Less herbicide means fewer potatoes
January 6, 2009 By Journal of Environmental Quality
January 6, 2009, Madison, Wisc. – A recent study out of Oregon
considered the impact of pesticides on plant development and
reproduction. It appears in the November–December issue of Journal of
January 6, 2009, Madison, Wisc. – A recent study out of Oregon considered the impact of pesticides on plant development and reproduction. It appears in the November–December issue of Journal of Environmental Quality.
Currently, plant testing in the United States to determine potential ecological risks from chemical pesticides to nontarget plants requires two tests, both of which use immature plants. Protection of the plant development and reproduction are not considered, unlike tests required for the protection of animals. Past research conducted by the U.S. Environmental Protection Agency and others have shown that plant development/reproduction is not adequately protected with the current test protocols.
The stage of plant development when exposed to a pesticide has an important impact on what plant organs are injured. Vegetation may or may not display symptoms of injury when reproductive organs are severely damaged. Yield and quality reduction can have significant economic and ecological effects. Therefore, field trials were conducted to determine if potato vegetative growth and tuber yield and quality were affected by herbicides at below recommended field rates.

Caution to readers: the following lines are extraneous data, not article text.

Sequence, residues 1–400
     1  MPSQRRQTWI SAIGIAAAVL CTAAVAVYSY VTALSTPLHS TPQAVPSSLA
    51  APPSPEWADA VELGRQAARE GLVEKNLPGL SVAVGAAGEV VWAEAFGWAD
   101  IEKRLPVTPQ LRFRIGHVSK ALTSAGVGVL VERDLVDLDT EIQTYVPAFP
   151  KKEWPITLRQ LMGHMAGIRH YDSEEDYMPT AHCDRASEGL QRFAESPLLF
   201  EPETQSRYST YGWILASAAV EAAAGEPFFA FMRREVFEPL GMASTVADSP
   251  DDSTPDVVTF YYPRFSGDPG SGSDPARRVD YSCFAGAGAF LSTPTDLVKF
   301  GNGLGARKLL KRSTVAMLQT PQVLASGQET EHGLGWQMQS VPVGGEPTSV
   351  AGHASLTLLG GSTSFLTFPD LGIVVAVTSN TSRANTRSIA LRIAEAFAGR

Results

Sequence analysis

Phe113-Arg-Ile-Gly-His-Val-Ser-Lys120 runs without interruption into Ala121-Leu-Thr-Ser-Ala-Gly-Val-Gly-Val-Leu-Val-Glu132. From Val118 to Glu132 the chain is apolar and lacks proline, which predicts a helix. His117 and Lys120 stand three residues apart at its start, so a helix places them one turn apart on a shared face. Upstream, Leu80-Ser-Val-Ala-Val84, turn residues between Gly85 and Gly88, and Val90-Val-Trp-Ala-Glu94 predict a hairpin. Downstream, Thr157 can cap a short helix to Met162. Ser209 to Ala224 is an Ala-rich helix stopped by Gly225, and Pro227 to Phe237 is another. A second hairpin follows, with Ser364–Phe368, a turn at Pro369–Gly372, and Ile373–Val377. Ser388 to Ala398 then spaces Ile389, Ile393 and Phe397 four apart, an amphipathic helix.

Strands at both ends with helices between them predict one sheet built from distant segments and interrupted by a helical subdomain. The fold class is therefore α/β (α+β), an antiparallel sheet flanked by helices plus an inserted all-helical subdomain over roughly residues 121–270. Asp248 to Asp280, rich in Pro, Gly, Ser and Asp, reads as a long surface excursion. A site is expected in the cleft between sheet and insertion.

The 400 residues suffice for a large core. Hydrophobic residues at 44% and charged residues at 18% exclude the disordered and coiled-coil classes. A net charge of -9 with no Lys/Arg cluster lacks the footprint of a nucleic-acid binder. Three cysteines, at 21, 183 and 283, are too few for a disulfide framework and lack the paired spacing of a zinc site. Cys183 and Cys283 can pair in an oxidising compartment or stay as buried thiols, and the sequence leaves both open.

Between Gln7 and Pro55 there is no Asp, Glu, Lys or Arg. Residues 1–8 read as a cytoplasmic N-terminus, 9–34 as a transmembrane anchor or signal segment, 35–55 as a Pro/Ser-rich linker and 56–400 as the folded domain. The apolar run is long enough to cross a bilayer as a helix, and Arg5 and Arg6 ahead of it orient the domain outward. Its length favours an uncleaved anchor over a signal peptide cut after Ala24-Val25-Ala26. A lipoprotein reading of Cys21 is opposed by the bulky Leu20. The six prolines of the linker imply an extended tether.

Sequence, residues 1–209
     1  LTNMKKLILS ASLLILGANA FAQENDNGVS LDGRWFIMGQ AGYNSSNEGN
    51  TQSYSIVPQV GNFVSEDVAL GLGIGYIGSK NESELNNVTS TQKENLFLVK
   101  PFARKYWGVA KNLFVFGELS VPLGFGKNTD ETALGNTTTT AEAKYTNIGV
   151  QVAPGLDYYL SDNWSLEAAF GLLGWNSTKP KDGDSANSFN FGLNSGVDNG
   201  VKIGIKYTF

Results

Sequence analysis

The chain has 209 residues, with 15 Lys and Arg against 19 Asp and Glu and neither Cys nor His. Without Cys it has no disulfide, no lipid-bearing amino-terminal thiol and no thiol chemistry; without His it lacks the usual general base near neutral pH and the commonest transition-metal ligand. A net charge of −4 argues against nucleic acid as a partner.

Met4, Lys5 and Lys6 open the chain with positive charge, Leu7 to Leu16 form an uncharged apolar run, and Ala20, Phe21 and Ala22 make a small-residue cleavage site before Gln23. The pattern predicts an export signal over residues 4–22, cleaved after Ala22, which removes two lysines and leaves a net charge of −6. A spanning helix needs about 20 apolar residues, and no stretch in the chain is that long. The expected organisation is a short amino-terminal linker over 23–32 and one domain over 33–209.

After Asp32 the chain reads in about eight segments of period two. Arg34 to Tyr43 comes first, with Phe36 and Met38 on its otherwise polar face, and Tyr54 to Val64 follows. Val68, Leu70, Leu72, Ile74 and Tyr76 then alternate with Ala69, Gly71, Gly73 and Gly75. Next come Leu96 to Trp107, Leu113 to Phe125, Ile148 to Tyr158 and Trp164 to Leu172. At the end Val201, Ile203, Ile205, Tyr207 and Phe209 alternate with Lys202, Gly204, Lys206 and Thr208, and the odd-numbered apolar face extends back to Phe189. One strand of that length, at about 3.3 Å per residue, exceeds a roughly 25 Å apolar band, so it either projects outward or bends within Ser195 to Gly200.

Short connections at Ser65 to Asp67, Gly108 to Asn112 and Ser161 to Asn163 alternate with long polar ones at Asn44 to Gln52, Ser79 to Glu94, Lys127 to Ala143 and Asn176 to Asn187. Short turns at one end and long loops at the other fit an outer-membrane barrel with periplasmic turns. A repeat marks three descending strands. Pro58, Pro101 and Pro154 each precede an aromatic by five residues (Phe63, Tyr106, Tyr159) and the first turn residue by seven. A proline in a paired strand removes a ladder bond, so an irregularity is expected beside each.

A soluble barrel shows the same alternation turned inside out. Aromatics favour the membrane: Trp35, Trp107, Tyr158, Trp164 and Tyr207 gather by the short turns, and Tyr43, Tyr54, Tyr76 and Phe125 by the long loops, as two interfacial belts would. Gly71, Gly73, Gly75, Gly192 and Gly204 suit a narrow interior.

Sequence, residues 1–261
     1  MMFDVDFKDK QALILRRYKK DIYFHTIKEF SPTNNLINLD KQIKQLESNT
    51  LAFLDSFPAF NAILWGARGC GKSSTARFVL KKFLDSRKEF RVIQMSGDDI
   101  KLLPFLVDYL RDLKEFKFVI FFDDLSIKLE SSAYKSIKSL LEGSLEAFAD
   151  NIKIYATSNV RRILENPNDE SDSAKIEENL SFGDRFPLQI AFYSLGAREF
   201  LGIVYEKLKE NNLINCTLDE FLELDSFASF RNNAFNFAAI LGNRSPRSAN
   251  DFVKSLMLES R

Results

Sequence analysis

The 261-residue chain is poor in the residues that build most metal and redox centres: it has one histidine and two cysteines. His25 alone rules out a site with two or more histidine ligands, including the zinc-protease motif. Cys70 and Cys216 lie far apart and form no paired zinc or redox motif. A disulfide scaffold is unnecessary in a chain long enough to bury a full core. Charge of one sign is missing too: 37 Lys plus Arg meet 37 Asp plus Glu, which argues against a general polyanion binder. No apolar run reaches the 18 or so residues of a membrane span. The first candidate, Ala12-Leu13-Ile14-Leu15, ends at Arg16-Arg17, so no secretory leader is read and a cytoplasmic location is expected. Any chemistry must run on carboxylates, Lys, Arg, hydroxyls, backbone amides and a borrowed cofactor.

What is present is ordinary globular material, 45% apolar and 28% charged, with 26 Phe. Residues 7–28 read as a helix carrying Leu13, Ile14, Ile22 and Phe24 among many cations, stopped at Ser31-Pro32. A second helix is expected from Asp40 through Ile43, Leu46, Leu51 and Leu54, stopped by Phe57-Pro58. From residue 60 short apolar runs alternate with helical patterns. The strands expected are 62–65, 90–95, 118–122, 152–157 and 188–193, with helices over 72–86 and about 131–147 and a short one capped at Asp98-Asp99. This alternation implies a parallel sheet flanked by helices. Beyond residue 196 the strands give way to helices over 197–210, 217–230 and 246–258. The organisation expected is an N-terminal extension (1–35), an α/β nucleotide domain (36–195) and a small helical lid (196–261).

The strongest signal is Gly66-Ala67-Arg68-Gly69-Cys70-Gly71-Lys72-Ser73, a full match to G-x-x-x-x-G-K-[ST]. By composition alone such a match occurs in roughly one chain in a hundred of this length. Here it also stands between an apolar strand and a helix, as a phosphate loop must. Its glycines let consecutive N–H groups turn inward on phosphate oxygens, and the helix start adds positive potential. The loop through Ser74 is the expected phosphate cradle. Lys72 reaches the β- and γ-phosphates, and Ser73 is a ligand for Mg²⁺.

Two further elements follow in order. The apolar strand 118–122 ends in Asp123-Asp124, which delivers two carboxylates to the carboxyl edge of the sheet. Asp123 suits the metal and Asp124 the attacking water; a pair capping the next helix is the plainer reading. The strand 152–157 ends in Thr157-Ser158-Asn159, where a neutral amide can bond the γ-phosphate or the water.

Potato plants were exposed to one of seven different herbicides at various concentrations below normal field application rates. Results from this study were published in the November-December issue of the Journal of Environmental Quality. They demonstrated that potato tuber yield and quality can be affected by herbicide application rates below those causing a reduction in vegetative growth or injury. Potato tuber formation may be a sensitive indicator of developmental/reproductive responses of plants to chemical pesticides.
Research is continuing at the Western Ecology Division of the U.S. EPA at Corvallis, Oregon.
An abstract of the study can be viewed at http://jeq.scijournals.org/cgi/content/abstract/37/6/2070.
Print this page